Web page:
HUSD faces ‘right-sizing’ to close budget deficit
The work doesn’t stop and the challenges are great, Humboldt Unified School District (HUSD) Superintendent Dan Streeter said at the April 9 governing board meeting where he gave a budget update to board members.
Declining enrollment, the minimum wage increase, increases in health insurance costs and state retirement contributions have resulted in a need to trim the district’s budget by $500,000. The legislative change to current year funding also creates a strain on districts when unknown factors at the beginning of the school year contribute to difficult mid-year budget modifications.
“We can handle mid-year adjustments … until we can’t,” Streeter said.
Extra revenue, such as from Gov. Doug Ducey’s 20-by-2020 Plan, and inflation dollars are welcomed. The challenge comes because the state budget schedule differs from school districts’ filing requirements and issuance of contracts.
Humboldt’s three-year strategy has helped with its financial planning. It includes plans to cut this year’s budget by $500,000, and by $400,000 the following two years.
“With the caveat that if we continue to lose enrollment and we experience increases in health insurance, we’ll have to prepare for that,” Streeter told board members.
District directors looked at how to manage next year’s proposed budget decline without impacting students or programs. Changes could include:
• Not filling the Chief Academic Officer position, which means directors will be shouldering those duties.
• Exploring savings in the budget for supplies.
• Consolidating some bus routes and looking at transportation’s operational budget.
• Staff reduction through attrition only.
Humboldt is in the fifth percentile of the state based on the Arizona Equalization Formula, which funds students based on a district’s property tax and the state’s general fund. Humboldt’s funding is equally balanced between the two. Other districts, such as Prescott, are fully funded through property tax, Streeter said. In addition, many districts are able to tap other sources of funding.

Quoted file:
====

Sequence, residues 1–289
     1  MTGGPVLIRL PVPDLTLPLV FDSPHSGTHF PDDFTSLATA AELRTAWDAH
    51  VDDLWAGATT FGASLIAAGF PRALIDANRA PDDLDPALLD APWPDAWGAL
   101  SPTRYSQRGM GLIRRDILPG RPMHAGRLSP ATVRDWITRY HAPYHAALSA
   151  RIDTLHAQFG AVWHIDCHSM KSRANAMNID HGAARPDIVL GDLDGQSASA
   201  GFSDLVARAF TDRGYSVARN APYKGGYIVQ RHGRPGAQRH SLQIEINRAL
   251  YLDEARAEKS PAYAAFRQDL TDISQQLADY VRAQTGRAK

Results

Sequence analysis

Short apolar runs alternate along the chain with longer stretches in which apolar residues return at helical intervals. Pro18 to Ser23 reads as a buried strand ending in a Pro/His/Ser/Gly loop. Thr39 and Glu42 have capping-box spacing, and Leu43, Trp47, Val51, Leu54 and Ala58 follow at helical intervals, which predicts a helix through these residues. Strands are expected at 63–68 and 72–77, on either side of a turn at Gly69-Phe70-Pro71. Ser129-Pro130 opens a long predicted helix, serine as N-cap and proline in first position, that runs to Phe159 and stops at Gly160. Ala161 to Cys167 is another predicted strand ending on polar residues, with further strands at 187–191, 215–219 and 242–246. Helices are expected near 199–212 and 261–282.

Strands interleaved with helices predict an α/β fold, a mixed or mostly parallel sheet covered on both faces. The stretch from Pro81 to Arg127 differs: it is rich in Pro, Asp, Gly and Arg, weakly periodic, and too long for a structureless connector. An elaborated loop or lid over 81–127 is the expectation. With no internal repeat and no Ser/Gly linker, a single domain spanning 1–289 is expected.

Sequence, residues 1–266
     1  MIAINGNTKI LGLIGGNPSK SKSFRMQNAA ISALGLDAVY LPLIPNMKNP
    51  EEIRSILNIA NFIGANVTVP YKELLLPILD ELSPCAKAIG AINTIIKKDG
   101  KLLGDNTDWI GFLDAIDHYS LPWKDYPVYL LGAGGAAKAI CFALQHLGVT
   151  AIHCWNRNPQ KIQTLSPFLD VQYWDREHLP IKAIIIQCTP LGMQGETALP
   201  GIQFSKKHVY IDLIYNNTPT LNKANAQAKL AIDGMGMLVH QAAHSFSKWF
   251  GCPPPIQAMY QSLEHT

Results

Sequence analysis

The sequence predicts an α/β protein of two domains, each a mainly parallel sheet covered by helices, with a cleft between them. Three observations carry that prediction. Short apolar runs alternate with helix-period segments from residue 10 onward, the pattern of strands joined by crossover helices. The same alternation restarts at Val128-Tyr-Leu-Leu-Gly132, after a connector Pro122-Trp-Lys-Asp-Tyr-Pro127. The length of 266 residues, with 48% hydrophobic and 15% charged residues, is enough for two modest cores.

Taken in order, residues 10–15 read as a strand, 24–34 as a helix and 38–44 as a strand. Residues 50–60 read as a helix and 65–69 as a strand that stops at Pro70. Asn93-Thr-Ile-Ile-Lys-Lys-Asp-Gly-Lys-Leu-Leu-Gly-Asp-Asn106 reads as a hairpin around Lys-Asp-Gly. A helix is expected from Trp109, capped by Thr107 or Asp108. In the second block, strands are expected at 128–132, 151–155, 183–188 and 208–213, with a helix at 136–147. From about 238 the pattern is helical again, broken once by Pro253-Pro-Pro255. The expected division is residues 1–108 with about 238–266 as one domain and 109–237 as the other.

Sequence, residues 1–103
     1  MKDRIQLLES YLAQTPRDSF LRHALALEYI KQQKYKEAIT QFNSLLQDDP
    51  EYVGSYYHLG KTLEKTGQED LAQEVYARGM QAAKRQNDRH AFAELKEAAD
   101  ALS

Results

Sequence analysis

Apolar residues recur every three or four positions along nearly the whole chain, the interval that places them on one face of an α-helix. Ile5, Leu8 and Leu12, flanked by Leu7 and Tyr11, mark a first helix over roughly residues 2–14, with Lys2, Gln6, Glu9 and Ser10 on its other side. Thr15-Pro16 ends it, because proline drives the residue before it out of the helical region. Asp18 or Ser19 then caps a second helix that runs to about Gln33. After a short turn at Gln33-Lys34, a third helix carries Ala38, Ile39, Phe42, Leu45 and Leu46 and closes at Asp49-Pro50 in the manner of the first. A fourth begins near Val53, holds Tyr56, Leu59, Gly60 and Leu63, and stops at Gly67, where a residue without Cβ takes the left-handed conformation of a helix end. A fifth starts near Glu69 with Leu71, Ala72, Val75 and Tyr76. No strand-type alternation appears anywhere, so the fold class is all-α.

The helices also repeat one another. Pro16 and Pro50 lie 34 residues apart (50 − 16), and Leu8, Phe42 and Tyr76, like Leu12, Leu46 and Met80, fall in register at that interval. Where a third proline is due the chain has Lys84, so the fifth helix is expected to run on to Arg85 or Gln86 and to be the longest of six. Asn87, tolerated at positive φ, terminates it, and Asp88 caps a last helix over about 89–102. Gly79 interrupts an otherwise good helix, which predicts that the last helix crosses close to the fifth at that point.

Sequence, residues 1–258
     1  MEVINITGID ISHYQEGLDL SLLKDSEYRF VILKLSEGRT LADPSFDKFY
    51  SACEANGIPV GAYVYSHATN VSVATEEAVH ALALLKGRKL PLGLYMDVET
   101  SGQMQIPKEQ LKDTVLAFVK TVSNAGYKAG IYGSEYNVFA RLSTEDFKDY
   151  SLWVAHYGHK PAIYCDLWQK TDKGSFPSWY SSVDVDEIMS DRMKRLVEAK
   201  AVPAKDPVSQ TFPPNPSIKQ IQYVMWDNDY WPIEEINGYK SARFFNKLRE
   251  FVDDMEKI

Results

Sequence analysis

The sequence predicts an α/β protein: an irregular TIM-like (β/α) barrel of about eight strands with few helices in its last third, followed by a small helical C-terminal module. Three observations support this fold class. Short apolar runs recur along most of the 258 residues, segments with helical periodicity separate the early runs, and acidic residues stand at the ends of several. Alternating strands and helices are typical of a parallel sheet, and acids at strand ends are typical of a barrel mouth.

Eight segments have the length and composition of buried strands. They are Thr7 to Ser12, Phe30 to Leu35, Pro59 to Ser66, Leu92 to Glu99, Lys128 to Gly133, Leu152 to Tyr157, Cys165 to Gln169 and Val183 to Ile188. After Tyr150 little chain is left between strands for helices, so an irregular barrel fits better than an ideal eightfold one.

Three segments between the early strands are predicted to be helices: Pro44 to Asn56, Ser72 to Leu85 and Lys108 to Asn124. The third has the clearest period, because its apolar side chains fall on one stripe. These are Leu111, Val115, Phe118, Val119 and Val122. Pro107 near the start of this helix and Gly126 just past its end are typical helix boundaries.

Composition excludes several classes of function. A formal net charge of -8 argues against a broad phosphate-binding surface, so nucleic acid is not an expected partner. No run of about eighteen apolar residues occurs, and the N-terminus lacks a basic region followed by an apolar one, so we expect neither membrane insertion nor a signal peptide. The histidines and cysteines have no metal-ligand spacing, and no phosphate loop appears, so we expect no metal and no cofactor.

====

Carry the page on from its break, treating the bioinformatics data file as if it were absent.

“A lot of districts rely on funding through bonds and overrides. We weren’t able to,” Streeter said about the $15 million bond district voters turned down in 2018. “Because we do not have an override or bond, we’re starting to fall further and further to the bottom of the pile.”
The previous bond, approved by voters in 2006, was for capital projects and placed the district in a good position during the recession. The proceeds of that bond are now gone and the district is beginning to see the impact, he said.
Tax credit money this year totaled $250,000, which sounds great, said Vice President Rich Adler. However, not everyone in the community can afford to give $400. And state legislators are discussing the elimination of tax credits for next year, he added.
“The decrease in enrollment is brutally difficult for districts like ours to handle,” Adler said.
The district continues to move forward with student achievement and its successful, innovative programs.
“I think this community is incredibly fortunate to have this group of principals,” Streeter said. “Providing a world-class education doesn’t stop.”
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